a bit too far. Since everything seems to collapse as soon as anything touches it, planning vehicle paths, especially in Real-Time Strategy games, becomes crucial if one doesn't want to lose other potential benefits of the scenery, such as (following the previous example) cover for infantry. Related to Die, Chair! Die!, Everything-Is-Smashable Area , Rewarding Vandalism.
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- BattleTanx. You're in control of a squad of tanks in post-apocalyptic cities. Why not just tear through the buildings standing between you and your targets?
- Broforce: any structure that is held up by supports (and not just scenery) will collapse as soon as you upset them. This causes all sorts of mayhem, as what falls down is not always innocuous - large blocks will splat your characters, explosive barrles will blow up, gas tanks will be ignited... et cetera. On the plus side, the bad guys are vulnerable to the same damage...
- Star Wars: The Force Unleashed introduces some new destruction technology called Digital Molecular Matter (or DMM) in which objects will break more realistically (glass shattering, wood having some bend/break to it and splintering realistically etc.)
- Robot Alchemic Drive has arenas full of buildings that can be toppled. The player is discouraged from being overly destructive, and is given monetary incentive to minimize damage to the city.
- This is the entire point of the LEGO Adaptation Games. When in doubt, break everything.
- In all of the Worms games, pretty much everything is destructible. This is important for attacking enemy worms and providing cover for yourself and your team.
Beat 'em Up
- The X-Men Legends series allows almost all walls to be broken, although a majority of the walls just break to reveal sheet metal behind the breakable section of the wall. Occasional system crashes can occur if a character like Iceman using a huge Area of Effect attack (Iceman's was a volley of ice projectiles) inadvertently breaks too many wall panels at once.
First Person Shooter
- Ace Of Spades combines Minecraft's destructible, blocky world with machine guns and explosives. Half of a match might be spent tearing down and rebuilding the stage to your liking while trying to avoid enemy fire (which also damages blocks).
- Battlefield: Bad Company likes to show off your ability to reduce buildings to withered husks of their former selves. Bad Company 2 goes a step further, allowing you to actually make buildings collapse completely, as opposed to just blowing out the walls.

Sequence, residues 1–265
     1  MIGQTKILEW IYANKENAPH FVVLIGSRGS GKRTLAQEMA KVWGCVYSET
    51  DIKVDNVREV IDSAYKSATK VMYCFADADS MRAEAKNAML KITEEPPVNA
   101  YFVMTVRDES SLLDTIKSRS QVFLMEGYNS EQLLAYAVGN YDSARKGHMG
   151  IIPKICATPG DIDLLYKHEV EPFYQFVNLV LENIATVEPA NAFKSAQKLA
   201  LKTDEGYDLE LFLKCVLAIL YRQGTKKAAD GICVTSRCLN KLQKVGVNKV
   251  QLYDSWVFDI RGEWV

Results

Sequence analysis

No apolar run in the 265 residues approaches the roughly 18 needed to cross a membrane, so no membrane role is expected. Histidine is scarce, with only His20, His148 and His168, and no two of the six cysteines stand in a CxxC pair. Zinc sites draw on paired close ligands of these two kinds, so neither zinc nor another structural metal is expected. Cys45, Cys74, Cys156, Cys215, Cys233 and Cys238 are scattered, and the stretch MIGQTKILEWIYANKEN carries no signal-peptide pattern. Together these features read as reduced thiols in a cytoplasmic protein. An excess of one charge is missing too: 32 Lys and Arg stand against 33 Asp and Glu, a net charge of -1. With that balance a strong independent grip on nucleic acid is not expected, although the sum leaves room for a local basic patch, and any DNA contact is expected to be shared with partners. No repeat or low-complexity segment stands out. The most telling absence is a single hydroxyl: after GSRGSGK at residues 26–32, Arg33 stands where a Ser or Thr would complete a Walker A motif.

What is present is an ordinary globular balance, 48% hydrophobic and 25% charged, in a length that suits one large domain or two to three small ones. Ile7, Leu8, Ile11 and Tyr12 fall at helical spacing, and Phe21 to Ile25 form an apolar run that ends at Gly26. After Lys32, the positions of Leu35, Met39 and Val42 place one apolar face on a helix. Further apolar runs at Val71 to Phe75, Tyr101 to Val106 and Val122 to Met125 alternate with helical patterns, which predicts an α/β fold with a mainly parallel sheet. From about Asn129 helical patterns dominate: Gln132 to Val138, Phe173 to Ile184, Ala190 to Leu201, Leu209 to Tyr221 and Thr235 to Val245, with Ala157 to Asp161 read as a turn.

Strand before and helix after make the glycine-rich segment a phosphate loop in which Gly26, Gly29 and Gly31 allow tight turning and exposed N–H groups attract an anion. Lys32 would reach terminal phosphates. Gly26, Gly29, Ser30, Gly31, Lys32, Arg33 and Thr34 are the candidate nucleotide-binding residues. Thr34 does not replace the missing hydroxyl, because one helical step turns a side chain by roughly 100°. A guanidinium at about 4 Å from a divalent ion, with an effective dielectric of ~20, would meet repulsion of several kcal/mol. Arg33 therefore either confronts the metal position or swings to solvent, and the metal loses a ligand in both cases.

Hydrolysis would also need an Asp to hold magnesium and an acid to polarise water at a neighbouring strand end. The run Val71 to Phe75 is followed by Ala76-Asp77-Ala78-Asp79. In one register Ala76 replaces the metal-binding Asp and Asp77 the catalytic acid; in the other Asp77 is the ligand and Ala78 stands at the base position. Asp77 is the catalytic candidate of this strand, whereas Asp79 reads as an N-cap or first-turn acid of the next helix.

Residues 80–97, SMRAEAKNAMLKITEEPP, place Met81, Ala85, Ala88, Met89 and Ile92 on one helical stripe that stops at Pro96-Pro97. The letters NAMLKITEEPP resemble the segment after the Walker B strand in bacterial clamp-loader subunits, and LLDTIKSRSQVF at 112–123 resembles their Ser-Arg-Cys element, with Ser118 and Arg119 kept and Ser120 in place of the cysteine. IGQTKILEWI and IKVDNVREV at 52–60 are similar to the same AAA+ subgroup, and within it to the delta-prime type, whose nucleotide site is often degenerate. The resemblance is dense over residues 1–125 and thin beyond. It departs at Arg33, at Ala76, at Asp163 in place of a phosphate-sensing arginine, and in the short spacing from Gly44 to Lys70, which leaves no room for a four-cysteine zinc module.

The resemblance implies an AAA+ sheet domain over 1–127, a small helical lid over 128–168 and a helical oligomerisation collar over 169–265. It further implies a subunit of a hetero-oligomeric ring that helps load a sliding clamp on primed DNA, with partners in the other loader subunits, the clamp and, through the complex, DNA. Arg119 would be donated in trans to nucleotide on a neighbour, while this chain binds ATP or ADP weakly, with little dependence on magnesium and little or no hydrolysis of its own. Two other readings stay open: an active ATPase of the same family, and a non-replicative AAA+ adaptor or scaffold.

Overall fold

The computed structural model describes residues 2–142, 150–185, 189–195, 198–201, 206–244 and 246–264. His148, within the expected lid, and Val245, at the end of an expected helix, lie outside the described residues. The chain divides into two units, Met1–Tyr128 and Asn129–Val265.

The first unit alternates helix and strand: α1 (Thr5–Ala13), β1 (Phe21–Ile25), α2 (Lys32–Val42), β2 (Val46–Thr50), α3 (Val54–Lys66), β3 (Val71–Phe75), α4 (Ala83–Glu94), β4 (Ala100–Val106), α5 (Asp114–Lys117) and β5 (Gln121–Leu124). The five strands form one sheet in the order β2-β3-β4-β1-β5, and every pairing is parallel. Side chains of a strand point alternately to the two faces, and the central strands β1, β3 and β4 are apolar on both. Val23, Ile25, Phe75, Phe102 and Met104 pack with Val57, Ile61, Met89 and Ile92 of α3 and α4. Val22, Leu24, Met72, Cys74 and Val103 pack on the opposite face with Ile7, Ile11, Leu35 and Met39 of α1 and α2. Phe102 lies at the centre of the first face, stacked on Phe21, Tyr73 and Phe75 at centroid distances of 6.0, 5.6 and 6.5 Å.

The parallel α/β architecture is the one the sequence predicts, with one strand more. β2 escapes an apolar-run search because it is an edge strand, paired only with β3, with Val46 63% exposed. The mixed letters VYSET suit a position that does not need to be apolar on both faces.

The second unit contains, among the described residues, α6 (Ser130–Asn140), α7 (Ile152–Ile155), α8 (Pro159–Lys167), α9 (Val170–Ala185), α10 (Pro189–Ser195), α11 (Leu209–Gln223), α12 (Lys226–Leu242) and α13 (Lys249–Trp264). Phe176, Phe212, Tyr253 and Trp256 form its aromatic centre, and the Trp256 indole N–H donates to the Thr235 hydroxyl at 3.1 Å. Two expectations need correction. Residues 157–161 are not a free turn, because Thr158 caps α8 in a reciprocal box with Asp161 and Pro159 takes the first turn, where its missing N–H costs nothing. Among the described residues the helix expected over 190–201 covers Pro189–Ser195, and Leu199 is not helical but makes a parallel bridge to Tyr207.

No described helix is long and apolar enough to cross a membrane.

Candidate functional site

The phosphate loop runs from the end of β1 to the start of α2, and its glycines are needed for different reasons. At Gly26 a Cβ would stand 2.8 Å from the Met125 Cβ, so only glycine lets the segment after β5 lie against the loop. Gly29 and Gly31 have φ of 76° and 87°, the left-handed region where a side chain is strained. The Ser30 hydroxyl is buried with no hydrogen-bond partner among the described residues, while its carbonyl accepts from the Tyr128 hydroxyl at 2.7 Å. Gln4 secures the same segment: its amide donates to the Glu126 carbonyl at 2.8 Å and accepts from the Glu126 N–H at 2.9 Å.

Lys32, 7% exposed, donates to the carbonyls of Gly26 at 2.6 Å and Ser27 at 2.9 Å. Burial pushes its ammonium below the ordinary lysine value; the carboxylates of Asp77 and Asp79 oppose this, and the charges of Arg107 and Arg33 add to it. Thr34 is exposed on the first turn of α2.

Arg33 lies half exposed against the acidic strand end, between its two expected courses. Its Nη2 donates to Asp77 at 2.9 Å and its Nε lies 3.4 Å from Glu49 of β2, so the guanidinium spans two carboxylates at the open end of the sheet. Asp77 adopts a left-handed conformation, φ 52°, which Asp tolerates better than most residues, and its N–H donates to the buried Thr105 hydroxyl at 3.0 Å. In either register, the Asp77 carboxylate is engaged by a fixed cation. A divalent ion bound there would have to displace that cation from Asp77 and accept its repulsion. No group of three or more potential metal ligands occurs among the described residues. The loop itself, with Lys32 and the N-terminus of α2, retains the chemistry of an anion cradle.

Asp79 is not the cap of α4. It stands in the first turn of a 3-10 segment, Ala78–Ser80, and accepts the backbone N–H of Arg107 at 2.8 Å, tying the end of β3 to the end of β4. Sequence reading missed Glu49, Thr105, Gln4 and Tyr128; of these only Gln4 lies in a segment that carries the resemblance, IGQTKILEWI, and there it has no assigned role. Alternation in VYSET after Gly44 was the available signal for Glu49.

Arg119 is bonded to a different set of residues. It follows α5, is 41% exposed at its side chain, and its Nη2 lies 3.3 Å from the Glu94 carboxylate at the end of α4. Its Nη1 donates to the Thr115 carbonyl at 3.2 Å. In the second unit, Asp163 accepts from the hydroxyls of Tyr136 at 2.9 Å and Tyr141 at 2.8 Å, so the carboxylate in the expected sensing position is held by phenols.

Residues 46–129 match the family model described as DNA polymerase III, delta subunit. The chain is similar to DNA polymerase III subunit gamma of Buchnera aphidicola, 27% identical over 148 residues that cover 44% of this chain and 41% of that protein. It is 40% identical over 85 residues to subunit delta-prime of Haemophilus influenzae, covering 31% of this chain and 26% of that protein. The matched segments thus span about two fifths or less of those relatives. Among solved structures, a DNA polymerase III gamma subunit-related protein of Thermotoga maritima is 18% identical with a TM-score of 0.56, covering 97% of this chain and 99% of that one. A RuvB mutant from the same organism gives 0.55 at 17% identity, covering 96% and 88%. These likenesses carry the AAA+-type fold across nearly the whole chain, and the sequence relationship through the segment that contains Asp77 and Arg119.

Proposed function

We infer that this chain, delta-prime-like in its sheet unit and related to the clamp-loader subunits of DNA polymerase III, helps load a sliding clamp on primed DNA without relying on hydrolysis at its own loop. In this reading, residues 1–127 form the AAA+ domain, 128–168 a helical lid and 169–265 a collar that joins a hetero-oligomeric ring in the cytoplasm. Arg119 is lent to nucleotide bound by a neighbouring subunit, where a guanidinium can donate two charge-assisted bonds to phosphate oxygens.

- Most of the scenery in Medal of Honor: Allied Assault's tank level is destroyable.
- Red Faction's engine allows for 100% destructible environments, and had a physics simulator that can deal with the resulting chunks going everywhere. The early levels let you carve freely through the rock like a 3D version of Worms, leaving no safe place for campers in multiplayer maps. Sadly, its level design all but completely ignores this potential, and the game was also passed over by the modding community.
- In Russian voxel-based shooter ZAR, almost every weapon will make permanent dents, craters or trenches where it hits ground, useful for creating cover since you can't usually survive without it.
Hack and Slash
- Otogi: Myth of Demons was one of the first games to let you level an entire building with a swing of your sword.
- Metal Gear Rising: Revengeance uses this as a gameplay element, nearly anything except the environment itself can be chopped up (and even then, so can some setpieces like columns, which could cause roofs or even bridges to collapse on enemies). At any given time, you can just start chopping things up and eventually get something into several hundred pieces before the game forcefully despawns them to keep from creating lag.
- The Wii game Boom Blox lives on this trope. The entire game has constructs of various types of blocks. Your goal in most of the game is to destroy the buildings using as few items as possible (baseballs, cannonballs, etc).
- The offroad tank racing game, Tread Marks, has fully destructible terrain. Most weapons leave small craters which can make some tanks very unstable when moving at high speed. Nuclear missiles leave massive craters over a hundred meters in diameter, scorching the ground to pure black and often digging down to the (indestructible) water level that lies below the terrain. The map "Armageddon" has a volcano shooting a near-constant stream of nuclear missiles at random players, causing the once relatively smooth map to turn into a nightmarish hellhole within fifteen minutes. The Flower Power missiles and the Dirt Ball gun work like nukes except in reverse - rather than leaving craters, they create hills.
Real Time Strategy
- Command & Conquer: Tiberian Sun is notable for the fact that, as well as civilian buildings and so on being destroyable, the terrain itself can be permanently changed in shape by explosions. This feature vanished in later games in the series.